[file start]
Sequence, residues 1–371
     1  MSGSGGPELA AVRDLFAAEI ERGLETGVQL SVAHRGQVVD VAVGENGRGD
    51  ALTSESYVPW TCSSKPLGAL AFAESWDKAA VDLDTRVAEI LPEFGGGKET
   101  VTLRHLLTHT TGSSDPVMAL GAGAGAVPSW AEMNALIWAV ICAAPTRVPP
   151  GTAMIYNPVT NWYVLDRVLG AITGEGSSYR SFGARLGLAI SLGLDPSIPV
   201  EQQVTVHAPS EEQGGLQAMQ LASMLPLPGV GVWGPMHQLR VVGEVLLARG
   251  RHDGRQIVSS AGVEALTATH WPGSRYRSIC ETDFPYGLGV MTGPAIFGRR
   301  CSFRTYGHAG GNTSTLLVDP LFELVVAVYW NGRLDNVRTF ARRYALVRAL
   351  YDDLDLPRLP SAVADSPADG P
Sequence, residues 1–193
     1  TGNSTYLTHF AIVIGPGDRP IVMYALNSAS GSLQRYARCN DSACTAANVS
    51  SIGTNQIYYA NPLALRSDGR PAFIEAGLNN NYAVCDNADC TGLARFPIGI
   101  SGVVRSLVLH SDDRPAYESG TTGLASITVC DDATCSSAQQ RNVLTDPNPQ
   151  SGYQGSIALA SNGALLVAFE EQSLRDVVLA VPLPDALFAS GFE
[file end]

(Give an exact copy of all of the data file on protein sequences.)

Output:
Sequence, residues 1–371
     1  MSGSGGPELA AVRDLFAAEI ERGLETGVQL SVAHRGQVVD VAVGENGRGD
    51  ALTSESYVPW TCSSKPLGAL AFAESWDKAA VDLDTRVAEI LPEFGGGKET
   101  VTLRHLLTHT TGSSDPVMAL GAGAGAVPSW AEMNALIWAV ICAAPTRVPP
   151  GTAMIYNPVT NWYVLDRVLG AITGEGSSYR SFGARLGLAI SLGLDPSIPV
   201  EQQVTVHAPS EEQGGLQAMQ LASMLPLPGV GVWGPMHQLR VVGEVLLARG
   251  RHDGRQIVSS AGVEALTATH WPGSRYRSIC ETDFPYGLGV MTGPAIFGRR
   301  CSFRTYGHAG GNTSTLLVDP LFELVVAVYW NGRLDNVRTF ARRYALVRAL
   351  YDDLDLPRLP SAVADSPADG P
Sequence, residues 1–193
     1  TGNSTYLTHF AIVIGPGDRP IVMYALNSAS GSLQRYARCN DSACTAANVS
    51  SIGTNQIYYA NPLALRSDGR PAFIEAGLNN NYAVCDNADC TGLARFPIGI
   101  SGVVRSLVLH SDDRPAYESG TTGLASITVC DDATCSSAQQ RNVLTDPNPQ
   151  SGYQGSIALA SNGALLVAFE EQSLRDVVLA VPLPDALFAS GFE